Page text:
As the Jack Layton Chair, Professor Ken Moffatt aims to build community-oriented engagement at Ryerson through a multi-disciplinary approach. He is particularly interested in politics, sociology, educational theory, social work, queer theory, and creative arts. Professor Moffatt brings to this position his research expertise in the effects of neoliberalism and new managerialism on policy and education; community-based, culturally-focused social interventions; mechanisms of power contributing to social inclusion and exclusion; as well as critical reflective practice and pedagogy.

Olivia Chow

Ryerson University's Distinguished Visiting Professor Olivia Chow is the Founder and Director of the Institute for Change Leaders, external link, external link since March 2015. Olivia has a certificate from Marshall Ganz Leadership course from Harvard Kennedy's School Executive Program and has taught over 3,500 people across Ontario. She empowered many women to make a difference through teaching Feminist Community Organizing at George Brown College’s Assaulted Women and Children Counselling and Advocacy Program for six years. Until 2015, Olivia held elected offices for 30 years as a school trustee, City Councillor, and a Member of Parliament. She has tirelessly championed for a universal early childhood education program, a national public transit strategy, and fair immigration policies.

Mike Layton

Mike Layton has been a Toronto City Councillor since 2010. As City Councillor he works to protect and improve city services, and preserve the diverse character of the city's neighbourhoods. He champions affordable housing, investment in arts and culture, Aboriginal issues, and better public transit and cycling infrastructure. He has been a strong voice in making Toronto a leader in combatting climate change. Prior to being a councillor, he worked at Environmental Defense, one of Canada's leading environmental charities. He has an urban planning degree and is and adjunct professor at York University.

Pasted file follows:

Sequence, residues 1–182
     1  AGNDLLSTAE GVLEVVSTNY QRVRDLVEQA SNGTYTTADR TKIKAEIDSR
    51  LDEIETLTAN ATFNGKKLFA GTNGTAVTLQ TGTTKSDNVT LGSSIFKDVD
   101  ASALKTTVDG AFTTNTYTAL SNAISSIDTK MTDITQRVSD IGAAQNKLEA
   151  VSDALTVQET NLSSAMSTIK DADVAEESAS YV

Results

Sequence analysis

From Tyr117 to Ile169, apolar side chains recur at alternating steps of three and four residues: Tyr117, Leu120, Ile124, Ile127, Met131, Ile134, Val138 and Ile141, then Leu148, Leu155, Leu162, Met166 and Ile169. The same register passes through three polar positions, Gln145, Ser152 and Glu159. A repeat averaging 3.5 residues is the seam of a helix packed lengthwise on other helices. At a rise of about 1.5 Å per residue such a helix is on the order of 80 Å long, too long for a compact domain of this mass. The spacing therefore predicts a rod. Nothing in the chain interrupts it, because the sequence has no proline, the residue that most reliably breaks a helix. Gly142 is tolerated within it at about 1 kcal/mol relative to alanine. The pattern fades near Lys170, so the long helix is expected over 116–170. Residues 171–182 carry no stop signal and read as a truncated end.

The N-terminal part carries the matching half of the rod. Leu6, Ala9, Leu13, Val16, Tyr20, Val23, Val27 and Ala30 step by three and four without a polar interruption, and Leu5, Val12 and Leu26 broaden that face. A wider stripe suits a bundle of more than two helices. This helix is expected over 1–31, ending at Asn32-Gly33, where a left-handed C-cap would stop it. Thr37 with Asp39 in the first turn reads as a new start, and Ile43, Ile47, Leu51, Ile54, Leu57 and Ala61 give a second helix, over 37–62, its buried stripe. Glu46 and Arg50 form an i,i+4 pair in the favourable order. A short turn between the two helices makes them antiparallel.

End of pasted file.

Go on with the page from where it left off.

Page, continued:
Kiké Roach

Kiké Roach is the Unifor National Chair in Social Justice and Democracy at Ryerson University. She has served as an Executive Member of: the National Conference of Black Lawyers, the National Action Committee on the Status of Women, the Women’s Coalition for Employment Equity, and Mpenzi: Black Women’s International Film and Video Festival. As a civil rights lawyer, she has advocated for accountability and reform in policing and detention for many years, representing community organizations. She was a regular commentator on current and legal affairs for CTV News and has appeared as a spokesperson on a variety of issues. She is co-author of the book Politically Speaking. Kiké has designed and led workshops for the Elementary Teachers Federation of Ontario, the Canadian Union of Postal Workers, and the United Steel Workers among others. She has addressed audiences across Canada and in the United States on issues of anti-racism, feminism, and progressive change.

Jake Pyne